UNL Research Finds Concussions Have Lasting Consequences

Posted By: Alden German

Researchers from UNL’S Center for Brain, Biology, and Behavior have found concussions can cause cognitive delays that build up over years.

Contact sports are rough, dirty, and physical. By the end of the game players are tired, sweaty, and beat up. Some are more intense than others, carrying a higher risk of injury.

The dangers of a concussion have been the center of attention, and researchers are learning more about the impacts. Dr. Dennis Molfese, a professor of psychology at UNL, co–wrote a recently released study made up of over 200 students, 30 of whom were former Nebraska football players. He says that the effects of even just one concussion can be felt for the rest of a player’s life.

"Concussion in fact is a permanent brain injury. The brain suffers an injury and it’s not back to where it was just because time has passed," says Molfese.

He says after a concussion, the brain attempts to repair itself to minimize the damage done. However, it can only do so much.

"It’s able to compensate up to a point a number of injuries," says Molfese. "But then it reaches a point, and this varies because of genetics, lifestyle, and other things, it comes a point it can no longer fully compensate for the previous injuries."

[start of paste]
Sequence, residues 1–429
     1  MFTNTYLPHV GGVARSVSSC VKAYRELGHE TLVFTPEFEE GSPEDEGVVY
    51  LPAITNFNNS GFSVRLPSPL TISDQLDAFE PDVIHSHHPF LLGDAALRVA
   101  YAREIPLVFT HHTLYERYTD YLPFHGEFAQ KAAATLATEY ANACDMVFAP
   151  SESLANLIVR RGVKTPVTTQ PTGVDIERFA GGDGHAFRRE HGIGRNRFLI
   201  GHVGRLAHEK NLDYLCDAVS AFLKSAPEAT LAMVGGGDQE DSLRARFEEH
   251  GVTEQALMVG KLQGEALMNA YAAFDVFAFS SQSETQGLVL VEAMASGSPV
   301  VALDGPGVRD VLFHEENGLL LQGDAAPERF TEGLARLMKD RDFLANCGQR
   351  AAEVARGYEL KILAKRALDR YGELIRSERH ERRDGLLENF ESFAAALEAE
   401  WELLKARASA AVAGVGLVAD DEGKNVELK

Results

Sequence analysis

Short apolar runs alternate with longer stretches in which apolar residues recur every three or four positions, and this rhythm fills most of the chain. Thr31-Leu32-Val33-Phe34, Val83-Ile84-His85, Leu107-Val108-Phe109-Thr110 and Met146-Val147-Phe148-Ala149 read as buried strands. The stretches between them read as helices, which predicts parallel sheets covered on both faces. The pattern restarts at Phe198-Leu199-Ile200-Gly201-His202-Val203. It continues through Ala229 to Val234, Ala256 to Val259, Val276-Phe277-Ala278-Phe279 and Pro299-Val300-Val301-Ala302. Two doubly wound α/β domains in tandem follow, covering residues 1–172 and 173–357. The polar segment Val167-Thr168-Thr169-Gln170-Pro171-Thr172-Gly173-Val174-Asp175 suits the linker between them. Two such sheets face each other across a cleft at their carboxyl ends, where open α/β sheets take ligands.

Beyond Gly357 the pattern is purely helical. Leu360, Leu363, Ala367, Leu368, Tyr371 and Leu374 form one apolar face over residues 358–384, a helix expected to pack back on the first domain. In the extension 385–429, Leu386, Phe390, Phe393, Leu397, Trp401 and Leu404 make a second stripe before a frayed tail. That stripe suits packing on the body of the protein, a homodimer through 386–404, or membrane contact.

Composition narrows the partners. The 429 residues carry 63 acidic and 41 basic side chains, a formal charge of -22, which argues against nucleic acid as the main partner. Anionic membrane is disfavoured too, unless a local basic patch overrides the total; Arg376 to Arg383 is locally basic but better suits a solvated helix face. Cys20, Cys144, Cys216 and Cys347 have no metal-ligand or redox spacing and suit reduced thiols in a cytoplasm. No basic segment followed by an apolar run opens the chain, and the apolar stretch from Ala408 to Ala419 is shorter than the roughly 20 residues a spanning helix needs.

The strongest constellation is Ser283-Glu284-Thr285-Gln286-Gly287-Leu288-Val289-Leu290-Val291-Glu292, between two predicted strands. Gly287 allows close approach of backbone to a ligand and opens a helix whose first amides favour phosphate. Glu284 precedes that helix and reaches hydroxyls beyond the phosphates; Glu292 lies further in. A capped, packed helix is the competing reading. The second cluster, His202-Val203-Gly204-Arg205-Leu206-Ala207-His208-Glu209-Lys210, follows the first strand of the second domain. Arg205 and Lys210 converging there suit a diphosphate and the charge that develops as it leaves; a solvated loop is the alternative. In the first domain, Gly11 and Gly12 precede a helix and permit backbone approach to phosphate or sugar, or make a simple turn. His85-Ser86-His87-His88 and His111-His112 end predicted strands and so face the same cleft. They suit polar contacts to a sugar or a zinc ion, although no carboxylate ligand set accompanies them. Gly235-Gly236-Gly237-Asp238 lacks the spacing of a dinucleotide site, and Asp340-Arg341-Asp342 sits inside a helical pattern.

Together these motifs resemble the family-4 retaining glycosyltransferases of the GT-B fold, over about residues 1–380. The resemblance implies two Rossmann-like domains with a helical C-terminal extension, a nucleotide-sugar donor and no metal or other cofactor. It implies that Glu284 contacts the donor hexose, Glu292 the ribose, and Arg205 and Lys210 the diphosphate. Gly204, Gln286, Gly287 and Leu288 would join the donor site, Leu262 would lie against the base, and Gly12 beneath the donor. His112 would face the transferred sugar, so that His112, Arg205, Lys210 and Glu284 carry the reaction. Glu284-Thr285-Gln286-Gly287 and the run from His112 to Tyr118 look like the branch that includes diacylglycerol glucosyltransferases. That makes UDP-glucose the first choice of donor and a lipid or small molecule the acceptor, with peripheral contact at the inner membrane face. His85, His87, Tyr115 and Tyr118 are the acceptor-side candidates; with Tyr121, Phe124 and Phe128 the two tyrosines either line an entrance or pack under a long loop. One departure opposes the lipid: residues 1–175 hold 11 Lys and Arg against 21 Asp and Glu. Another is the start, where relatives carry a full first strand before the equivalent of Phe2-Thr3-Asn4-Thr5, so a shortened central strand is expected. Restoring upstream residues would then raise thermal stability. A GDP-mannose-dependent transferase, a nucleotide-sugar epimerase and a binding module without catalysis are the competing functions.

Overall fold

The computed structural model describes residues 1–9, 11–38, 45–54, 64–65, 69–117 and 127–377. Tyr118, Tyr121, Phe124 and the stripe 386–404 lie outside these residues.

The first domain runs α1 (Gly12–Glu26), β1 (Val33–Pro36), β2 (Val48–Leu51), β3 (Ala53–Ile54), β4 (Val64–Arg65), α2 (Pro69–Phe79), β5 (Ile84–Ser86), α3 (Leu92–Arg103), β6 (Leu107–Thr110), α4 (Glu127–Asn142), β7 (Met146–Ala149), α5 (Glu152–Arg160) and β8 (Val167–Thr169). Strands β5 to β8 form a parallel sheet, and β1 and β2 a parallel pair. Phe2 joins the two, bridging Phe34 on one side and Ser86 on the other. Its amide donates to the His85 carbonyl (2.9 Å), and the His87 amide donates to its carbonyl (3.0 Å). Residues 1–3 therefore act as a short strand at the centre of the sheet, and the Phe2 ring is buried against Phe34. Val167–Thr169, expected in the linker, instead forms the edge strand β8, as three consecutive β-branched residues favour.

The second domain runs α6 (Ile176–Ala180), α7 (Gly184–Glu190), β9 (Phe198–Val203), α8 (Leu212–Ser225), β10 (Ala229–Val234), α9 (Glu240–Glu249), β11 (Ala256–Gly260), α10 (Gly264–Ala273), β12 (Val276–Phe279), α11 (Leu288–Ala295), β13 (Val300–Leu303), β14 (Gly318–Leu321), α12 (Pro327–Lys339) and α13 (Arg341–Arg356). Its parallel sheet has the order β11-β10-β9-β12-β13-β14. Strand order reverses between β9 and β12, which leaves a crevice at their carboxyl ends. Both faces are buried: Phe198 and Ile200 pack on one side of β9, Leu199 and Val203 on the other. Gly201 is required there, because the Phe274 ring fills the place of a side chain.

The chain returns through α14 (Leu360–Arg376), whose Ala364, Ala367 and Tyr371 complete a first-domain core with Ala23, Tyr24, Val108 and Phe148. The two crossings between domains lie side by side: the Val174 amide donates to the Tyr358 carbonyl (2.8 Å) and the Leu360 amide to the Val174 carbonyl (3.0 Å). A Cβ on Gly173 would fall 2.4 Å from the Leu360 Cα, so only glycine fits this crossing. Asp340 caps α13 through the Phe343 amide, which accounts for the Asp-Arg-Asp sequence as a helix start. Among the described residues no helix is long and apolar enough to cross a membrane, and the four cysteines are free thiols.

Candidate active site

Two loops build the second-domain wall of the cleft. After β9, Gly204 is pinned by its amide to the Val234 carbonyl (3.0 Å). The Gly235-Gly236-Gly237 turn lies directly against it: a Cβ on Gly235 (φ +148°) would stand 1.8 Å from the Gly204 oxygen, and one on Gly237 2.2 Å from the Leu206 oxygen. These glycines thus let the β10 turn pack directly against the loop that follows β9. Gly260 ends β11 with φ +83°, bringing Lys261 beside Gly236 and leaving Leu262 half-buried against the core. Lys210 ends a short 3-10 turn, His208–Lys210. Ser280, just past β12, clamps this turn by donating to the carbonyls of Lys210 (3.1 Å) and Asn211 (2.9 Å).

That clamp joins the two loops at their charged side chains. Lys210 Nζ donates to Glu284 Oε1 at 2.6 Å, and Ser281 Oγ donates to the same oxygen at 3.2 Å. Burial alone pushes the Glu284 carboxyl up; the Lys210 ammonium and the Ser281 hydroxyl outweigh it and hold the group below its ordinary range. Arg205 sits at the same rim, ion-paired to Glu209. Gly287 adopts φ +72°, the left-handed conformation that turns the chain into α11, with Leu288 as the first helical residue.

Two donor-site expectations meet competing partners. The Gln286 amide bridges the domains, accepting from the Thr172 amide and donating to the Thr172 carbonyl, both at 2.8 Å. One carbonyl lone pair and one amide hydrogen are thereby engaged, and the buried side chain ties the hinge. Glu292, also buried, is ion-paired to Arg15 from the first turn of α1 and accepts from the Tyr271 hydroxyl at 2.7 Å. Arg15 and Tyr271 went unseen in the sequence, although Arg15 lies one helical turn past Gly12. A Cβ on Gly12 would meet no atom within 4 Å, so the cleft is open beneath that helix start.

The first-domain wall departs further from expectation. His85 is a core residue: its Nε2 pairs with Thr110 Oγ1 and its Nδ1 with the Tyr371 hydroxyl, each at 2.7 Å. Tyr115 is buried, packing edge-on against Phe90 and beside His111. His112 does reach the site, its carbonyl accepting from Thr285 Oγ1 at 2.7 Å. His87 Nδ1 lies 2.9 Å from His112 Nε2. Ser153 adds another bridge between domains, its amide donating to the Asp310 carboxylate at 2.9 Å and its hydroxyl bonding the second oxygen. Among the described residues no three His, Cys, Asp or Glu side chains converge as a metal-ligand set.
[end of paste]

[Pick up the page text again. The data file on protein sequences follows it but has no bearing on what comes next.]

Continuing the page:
The brain has a network of pathways it uses to operate. When there’s a brain injury, it has to rewire itself to create new pathways around the damage. Molfese says that even up to a year after the initial concussion, the brain can still be trying to rewire.

Even with those new pathways, much like a detour on a highway, it will take information in the brain longer to travel to its destination. This can affect memory and learning, a problem especially for students.

There are varying levels of concussions and do not affect everyone exactly the same.

"There’s also genetic factors that probably play a role in this like everything else. Some people may be more resilient, but repetitive head blows, regardless of resilience, would look to be a very bad thing to have happen to your brain," says Molfese.

Dr. Molfese also stressed that parents shouldn’t just rely on family doctors as not all have expertise in concussions.

If your child is injured, there are multiple concussion specialists in the Lincoln area.